During Women’s Health Week, Burnet is recognising some of the important work our researchers are doing to improve women’s health and ensure women have access to appropriate healthcare.
Women’s Health Week, 4-8 September, aims to increase awareness and education about women’s health issues and to encourage women to speak out and seek care when they need it.
This year’s theme ‘Grow your knowledge’ encourages a broader sharing of information and resources to improve health outcomes for women, girls and gender-diverse people.
Burnet Senior Research Fellow Dr Fiona Bruinsma said Women’s Health Week was an opportunity to highlight the importance of women being able to access basic healthcare.
“There is a lack of data about the care women are receiving, particularly during pregnancy and the postpartum period and in low- and middle-income countries, so I think this year’s theme ‘Grow your knowledge’ is particularly pertinent because without accurate data we cannot provide and improve the care women need,” she said.
“We are doing a lot of work in low- and middle-income countries to help improve the quality of care for women, particularly in relation to childbirth.”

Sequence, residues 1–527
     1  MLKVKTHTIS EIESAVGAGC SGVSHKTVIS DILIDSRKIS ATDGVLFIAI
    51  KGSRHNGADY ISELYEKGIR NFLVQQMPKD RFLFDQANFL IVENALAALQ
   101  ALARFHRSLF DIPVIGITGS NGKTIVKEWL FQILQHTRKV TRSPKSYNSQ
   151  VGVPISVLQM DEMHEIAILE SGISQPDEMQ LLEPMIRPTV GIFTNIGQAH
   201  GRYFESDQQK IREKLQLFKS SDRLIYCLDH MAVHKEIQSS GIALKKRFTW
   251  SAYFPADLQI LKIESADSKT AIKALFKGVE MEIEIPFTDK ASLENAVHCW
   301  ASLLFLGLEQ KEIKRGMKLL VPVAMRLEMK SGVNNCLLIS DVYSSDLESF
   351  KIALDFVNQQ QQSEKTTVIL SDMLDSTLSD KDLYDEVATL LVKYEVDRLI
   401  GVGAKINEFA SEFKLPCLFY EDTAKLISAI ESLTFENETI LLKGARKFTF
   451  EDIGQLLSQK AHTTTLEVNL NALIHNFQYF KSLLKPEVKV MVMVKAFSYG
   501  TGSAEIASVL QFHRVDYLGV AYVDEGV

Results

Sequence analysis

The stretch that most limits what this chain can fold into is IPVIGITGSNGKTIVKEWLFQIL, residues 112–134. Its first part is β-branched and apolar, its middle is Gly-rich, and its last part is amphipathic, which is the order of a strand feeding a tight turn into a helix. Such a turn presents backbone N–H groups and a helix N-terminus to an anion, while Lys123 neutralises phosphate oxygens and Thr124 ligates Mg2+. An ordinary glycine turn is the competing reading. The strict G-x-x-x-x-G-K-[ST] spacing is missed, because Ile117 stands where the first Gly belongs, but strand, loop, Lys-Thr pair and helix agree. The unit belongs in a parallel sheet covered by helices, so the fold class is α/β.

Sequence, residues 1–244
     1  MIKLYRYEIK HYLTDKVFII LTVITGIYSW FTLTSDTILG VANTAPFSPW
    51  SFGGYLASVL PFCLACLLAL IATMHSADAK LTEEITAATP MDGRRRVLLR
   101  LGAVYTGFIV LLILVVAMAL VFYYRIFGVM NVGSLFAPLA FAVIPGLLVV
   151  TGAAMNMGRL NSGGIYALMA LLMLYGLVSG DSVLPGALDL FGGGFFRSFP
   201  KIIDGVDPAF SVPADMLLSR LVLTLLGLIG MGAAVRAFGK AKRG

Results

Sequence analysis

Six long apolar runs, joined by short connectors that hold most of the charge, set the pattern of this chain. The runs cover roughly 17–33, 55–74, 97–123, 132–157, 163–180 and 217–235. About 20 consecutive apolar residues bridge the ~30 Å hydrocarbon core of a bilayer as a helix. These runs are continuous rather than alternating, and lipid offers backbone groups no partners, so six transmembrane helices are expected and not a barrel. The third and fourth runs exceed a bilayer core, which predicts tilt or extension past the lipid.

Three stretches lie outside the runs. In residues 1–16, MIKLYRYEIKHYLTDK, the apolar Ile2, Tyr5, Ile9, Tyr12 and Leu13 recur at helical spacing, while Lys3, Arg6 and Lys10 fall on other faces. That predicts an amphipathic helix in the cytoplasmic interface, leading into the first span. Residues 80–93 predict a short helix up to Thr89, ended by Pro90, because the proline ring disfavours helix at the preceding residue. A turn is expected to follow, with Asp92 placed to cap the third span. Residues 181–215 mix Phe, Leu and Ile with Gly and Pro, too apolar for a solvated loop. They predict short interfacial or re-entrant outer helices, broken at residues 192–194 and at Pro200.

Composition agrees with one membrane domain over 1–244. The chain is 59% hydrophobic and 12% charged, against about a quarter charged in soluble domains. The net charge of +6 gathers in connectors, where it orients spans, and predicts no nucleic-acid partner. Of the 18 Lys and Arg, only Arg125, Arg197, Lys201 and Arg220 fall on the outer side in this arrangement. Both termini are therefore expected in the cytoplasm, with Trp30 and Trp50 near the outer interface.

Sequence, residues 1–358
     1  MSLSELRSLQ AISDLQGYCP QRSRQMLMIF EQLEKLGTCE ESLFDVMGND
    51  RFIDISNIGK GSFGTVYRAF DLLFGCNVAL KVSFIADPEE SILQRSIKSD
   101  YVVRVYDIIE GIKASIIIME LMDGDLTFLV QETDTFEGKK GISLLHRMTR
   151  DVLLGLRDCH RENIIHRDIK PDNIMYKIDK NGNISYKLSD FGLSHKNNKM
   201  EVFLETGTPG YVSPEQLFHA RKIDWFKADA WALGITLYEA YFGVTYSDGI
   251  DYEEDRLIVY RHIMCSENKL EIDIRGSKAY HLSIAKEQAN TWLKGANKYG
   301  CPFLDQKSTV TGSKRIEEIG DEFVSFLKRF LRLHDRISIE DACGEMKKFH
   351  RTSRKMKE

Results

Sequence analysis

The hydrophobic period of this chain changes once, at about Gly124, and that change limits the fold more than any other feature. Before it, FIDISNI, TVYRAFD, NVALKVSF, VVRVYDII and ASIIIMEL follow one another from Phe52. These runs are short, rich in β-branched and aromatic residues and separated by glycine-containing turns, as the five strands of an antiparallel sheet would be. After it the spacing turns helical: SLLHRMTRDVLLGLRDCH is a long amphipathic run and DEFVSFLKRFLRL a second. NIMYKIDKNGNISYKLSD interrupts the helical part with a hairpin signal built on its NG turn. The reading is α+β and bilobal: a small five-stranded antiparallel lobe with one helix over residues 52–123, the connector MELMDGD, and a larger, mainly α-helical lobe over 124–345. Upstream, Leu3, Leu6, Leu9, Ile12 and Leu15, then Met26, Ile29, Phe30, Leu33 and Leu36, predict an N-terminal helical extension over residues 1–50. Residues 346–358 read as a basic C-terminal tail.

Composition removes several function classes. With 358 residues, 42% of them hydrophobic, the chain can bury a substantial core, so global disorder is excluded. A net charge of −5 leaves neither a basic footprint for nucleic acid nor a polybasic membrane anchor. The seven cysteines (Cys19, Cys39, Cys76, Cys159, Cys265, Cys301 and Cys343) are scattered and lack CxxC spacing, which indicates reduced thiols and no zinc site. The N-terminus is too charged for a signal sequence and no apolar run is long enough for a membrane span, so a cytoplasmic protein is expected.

Dr Bruinsma said there needed to be a greater focus on women's health issues.
“If women’s health issues remain invisible it is really difficult to make improvements, so it’s important that we talk about them and bring them out into the open,” she said.
“We want women to have access to information and resources so they can have some control over their health and know when to get help or treatment.
“Particularly in resource-limited settings, it is vital women have access to things like health checks and screening programs so they can experience good health outcomes.”
Burnet Co-Head of Global Adolescent Health Dr Julie Hennegan said women’s health issues affected half of the population, so it was crucial they were given adequate resources, attention and funding.
“We need to make sure we are attending to everybody’s health needs, including those needs that have previously been considered taboo or stigmatised, such as menstruation” she said.
“It is important women know where to go when they have health issues. Women often struggle to find enough information to make informed health choices, which is something we are working to change."
Find out more about Burnet's work in Maternal, Child and Adolescent Health.